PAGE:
Materials 4T03

Properties and Processing of Composites

2015-2016, Term 2


Dr. Hatem Zurob

Office Hours: Tuesday & Thursday 3:30-4:20

Course Notes


Intrinsic properties of matrix materials and fibres; mechanics and thermodynamics of interfaces; mechanical properties and fabrication of engineering composites.


The concepts covered in this course include:

  1. An introduction to composites materials (chapter 1, 2, 3)
  2. An introduction to tensors, stress, strain and elasticity theory (chapter 4, 5, 6)*
  3. Elastic behaviour of continuous fibre composites (ch. 4, 5)**
  4. Elastic behaviour of short fibre composites (ch. 6)**
  5. A description of the nature and importance of interfaces (ch 7)**
  6. Fracture strength of composites (ch. 8)**
  7. Fracture toughness of composites (ch. 9)**
  8. Thermal behaviour and creep (ch. 10)**
  9. Plastic deformation of composite materials
  10. Expanding to other properties of composite materials
  11. New types of composite materials: Functionally Graded and Architectured Materials
  12. Fabrication routes of composite materials (ch 11)**.

    * Chapter numbers refer to the book (see below).
    * *Chapter numbers refer to the textbook (see below)


Primary text book:

An Introduction to Composite Materials, 2nd Edition, by D. Hull and T.W. Clyne, Cambridge University Press (1996).

Supplementary texts:

S. Suresh and A. Mortensen, Fundamentals of Functionally Graded Materials
K.K. Chawla, Composite Materials
A. Kelly and N. H. MacMillan, Strong Solids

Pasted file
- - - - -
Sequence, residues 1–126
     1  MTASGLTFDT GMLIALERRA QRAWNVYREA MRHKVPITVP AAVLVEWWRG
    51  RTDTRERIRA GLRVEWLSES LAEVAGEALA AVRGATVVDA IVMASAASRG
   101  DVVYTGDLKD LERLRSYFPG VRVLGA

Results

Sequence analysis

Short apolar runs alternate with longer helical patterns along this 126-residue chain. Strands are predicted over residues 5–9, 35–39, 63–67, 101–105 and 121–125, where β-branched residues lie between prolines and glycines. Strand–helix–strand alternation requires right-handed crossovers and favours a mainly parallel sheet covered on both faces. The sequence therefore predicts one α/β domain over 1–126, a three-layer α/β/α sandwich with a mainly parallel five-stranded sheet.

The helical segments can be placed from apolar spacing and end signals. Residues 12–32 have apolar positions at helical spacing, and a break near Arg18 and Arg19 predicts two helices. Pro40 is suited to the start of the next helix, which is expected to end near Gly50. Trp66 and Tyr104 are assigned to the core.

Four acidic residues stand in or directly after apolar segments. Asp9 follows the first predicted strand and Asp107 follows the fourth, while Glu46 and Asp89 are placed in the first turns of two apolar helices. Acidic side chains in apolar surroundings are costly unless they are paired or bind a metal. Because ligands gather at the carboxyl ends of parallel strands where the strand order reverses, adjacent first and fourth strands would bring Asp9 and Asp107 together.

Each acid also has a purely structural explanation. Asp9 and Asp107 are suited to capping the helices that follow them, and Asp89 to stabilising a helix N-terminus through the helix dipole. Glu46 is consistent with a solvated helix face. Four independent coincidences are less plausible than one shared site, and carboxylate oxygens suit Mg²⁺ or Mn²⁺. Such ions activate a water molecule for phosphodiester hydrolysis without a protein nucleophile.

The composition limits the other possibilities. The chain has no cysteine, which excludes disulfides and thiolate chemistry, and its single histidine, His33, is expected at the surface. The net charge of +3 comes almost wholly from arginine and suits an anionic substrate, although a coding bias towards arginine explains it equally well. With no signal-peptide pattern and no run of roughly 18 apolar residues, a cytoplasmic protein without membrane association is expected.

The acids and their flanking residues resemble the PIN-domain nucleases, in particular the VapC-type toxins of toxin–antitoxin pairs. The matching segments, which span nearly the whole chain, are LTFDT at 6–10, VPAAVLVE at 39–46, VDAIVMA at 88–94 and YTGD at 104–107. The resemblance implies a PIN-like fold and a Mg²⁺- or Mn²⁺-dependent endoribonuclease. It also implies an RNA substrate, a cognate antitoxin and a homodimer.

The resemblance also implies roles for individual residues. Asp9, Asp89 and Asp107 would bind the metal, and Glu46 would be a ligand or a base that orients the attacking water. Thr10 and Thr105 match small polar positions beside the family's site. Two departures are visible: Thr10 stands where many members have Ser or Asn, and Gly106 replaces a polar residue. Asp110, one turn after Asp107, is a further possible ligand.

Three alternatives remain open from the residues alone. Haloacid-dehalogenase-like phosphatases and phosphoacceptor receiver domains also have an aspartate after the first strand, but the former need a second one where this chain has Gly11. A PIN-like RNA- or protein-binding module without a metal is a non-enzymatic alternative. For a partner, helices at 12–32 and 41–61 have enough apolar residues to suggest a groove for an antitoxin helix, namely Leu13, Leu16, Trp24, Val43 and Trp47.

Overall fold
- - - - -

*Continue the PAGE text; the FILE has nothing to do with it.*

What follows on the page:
F. A. McClintock and A. S. Argon, Mechanical Behaviour of Materials
R. J. Young and P. A. Lovell, Introduction to Polymers
M.R. Piggott, Load Bearing Fibre Composites (not in library, I have a copy)
M.F. Ashby and D.R.H. Jones, Engineering Materials 2
L. Gibson and M.F. Ashby, Cellular Solids
T.W. Clyne and P. J. Withers, Introduction to Metal Matrix Composites
A. Kelly, Fabrication of Composites
*A. Kelly and G.W.Groves, Crystallography and Crystal Defects.


Assigned homework: 20%
Mid-term test: 20%
Final group project presentation (4-5 students/group): 20%
Final exam: 40%


Final group project will involve the following elements:
- pick an application for which composites are a likely candidate
- develop in depth report which addresses:
- possible materials systems
- rational selection of materials
- detailed design of composite architecture
- analysis of micro-mechanics including (if important): elasticity limits, fracture toughness properties, fatigue properties, fracture, etc...

Projects will be presented orally and in written form and it should be optimized for the presentation of about 20 minutes. There will be six groups of 4-5 students per group. Team work will be judged as well. Your team mark will be multiplied by a “participation factor” for each team member in order to arrive at the final mark of each student.


At the conclusion of this course, the student should have:
1. Develop knowledge of:

    • Composite materials - what are they and how do they differ from other classes of materials?
    • Nature of reinforcing materials - fibres, whiskers, platelets, etc.
    • Overview of mechanical and physical properties of a range of composite materials systems
    • Mechanisms of composite deformation and fracture
    • Fabrication of composite materials, and how this relates to microstructure and properties
    • How new materials are developed and become accepted by industry

2.  Develop skills in:

    • Assessment of the applicability of a specific material for a specific application
    • Rational selection of materials
    • Mechanics analysis of composite materials
    • Self-directed learning, incorporating researching properties of commercial materials

This course can be considered a capstone experience in that it allows the student to apply much of the knowledge gained in previous course related to solid mechanics, mechanical behaviour of materials, microstructure and processing.


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Updated January 2, 2012